The Long-horned Bee, a Victim of Changing Times

Tuesday 2nd July 2024

Long-horned Bee nesting site beside meadow © Andrew Whitehouse

… a blog written by Kernow Wyls – People for Pollinators Conservation Officer, Scott Martin, and Life on the Edge Conservation Officer, Sam Skevington. 

As the rolling emerald hills of Devon and Cornwall give way to the Atlantic’s beating waves, a landscape of soft rock cliffs and verdant flower-rich meadows clings both to the edge of the land, but to the edge of survival. Nationally, 97% of flower-rich grasslands were lost between the 1930s and the mid 1980s, but here on the south-western tip of our island you can find vestiges of a rich and biodiverse habitat that fosters a wealth of plant and invertebrate species. If you were to walk in one of these meadows in May as the spring rains give way to the warmth of the summer sun, you might spot the bright yellow flowers of Meadow Vetchling, Kidney Vetch, and Bird’s-foot Trefoils shining out amongst the lush green grasses. Sitting and listening, you may hear a low humming and catch sight of a curious little bee buzzing around industriously between the brightly flowered legumes. This bee stands out, for its head seems ornamented by a large pair of horns that are almost the length of its body. These are in fact the bee’s antennae, and you have seen a Long-horned Bee (Eucera longicornis). This rare and endearing little bee is the male of the species, whereas the female has slightly more modest antennae being roughly the length of her thorax.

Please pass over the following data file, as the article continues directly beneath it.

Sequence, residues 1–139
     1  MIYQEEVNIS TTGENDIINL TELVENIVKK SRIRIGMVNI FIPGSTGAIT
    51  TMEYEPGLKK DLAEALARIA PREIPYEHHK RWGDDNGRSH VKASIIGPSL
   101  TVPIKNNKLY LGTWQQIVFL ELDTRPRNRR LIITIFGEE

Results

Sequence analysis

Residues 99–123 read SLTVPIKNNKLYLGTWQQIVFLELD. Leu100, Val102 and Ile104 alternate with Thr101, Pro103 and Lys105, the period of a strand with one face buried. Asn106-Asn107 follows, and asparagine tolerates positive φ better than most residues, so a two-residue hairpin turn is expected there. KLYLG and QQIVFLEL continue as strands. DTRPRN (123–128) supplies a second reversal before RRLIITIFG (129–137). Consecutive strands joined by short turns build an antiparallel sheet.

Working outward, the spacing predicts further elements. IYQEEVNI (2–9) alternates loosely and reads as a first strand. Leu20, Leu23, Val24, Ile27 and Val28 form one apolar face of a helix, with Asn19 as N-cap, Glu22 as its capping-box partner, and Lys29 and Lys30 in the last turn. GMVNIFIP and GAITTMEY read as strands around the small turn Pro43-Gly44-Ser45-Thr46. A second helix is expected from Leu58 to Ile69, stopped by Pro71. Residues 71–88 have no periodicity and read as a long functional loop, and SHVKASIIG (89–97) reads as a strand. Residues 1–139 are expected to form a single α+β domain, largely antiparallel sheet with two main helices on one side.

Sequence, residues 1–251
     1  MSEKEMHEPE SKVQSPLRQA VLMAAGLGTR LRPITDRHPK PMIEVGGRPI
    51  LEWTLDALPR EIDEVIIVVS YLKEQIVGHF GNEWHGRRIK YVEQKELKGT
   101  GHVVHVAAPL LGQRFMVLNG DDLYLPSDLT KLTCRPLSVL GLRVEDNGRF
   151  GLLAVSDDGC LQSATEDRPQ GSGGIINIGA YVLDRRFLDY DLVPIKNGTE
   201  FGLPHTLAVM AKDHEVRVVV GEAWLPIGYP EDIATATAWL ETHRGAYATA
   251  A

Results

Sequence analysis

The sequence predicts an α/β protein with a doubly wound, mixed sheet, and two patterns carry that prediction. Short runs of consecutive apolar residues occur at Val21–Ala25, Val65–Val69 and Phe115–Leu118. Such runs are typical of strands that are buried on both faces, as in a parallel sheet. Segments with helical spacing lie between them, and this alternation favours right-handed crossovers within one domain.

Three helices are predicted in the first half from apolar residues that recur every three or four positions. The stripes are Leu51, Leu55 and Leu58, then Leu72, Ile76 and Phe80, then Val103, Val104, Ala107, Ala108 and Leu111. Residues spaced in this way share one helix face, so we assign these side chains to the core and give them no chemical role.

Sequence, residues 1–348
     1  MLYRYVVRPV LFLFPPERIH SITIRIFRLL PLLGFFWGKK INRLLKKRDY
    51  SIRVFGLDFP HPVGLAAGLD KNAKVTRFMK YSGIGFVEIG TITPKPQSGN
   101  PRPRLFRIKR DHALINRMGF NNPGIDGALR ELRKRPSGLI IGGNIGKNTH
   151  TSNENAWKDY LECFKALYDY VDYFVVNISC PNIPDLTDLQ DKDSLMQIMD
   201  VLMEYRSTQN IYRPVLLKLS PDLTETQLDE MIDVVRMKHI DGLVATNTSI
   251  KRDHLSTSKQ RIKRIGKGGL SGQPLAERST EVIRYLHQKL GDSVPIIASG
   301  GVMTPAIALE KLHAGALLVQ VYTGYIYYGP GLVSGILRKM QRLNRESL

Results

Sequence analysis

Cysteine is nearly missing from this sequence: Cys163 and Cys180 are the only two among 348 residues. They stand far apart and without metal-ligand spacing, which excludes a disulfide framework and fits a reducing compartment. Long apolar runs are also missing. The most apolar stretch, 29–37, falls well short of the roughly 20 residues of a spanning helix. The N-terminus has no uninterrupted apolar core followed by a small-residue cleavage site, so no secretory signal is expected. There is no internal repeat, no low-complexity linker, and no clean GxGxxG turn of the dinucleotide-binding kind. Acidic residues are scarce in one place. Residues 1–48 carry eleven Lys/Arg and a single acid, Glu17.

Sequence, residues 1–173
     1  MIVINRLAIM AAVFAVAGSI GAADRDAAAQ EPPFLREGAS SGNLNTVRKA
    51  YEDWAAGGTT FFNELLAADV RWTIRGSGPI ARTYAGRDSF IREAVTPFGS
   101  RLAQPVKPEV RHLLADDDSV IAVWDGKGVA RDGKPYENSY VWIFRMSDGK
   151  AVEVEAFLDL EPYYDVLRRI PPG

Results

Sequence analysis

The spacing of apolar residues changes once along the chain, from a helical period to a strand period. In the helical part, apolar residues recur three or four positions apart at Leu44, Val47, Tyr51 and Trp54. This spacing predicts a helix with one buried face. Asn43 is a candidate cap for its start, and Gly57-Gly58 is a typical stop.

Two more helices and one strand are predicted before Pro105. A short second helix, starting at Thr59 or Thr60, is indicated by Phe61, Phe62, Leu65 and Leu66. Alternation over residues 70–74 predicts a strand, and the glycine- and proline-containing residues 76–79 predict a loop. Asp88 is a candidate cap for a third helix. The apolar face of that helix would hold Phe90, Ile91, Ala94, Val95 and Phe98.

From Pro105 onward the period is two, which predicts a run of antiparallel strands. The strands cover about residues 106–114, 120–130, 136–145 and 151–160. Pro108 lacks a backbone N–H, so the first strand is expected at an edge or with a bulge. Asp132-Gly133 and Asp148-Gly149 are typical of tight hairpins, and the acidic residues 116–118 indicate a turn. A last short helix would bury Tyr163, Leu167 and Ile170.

A layperson might assume that all bees are eusocial and live in complex hives like honeybees, but astonishingly around 95% of bee species in the UK are solitary bees like mining bees, mason bees, and leaf cutter bees. These solitary species nest alone and in the case of the Long-horned Bee, a mining bee, underground. A female Long-horned Bee seeks out sparsely vegetated light soils in warm south facing slopes in which to excavate her nest. The soft, rocky cliffs and promontories of the Devonian and Cornish coasts prove ideal real estate for these bees who, despite being solitary, will form aggregations much like neighbourhoods in the most desirable areas. Within these burrows, the females create chambers in which to rear their larvae provisioned with bee bread, a golden pellet of pollen bound with nectar. Much like us, a Long-horned Bee requires a source of easy and convenient food in proximity to their home. Their food of choice being the protein rich pollen of legumes, ideal for their growing larvae. These crucial legumes flourish in the unimproved grasslands and hay meadows which once carpeted our land.

Long-horned Bee (Eucera longicornis) Range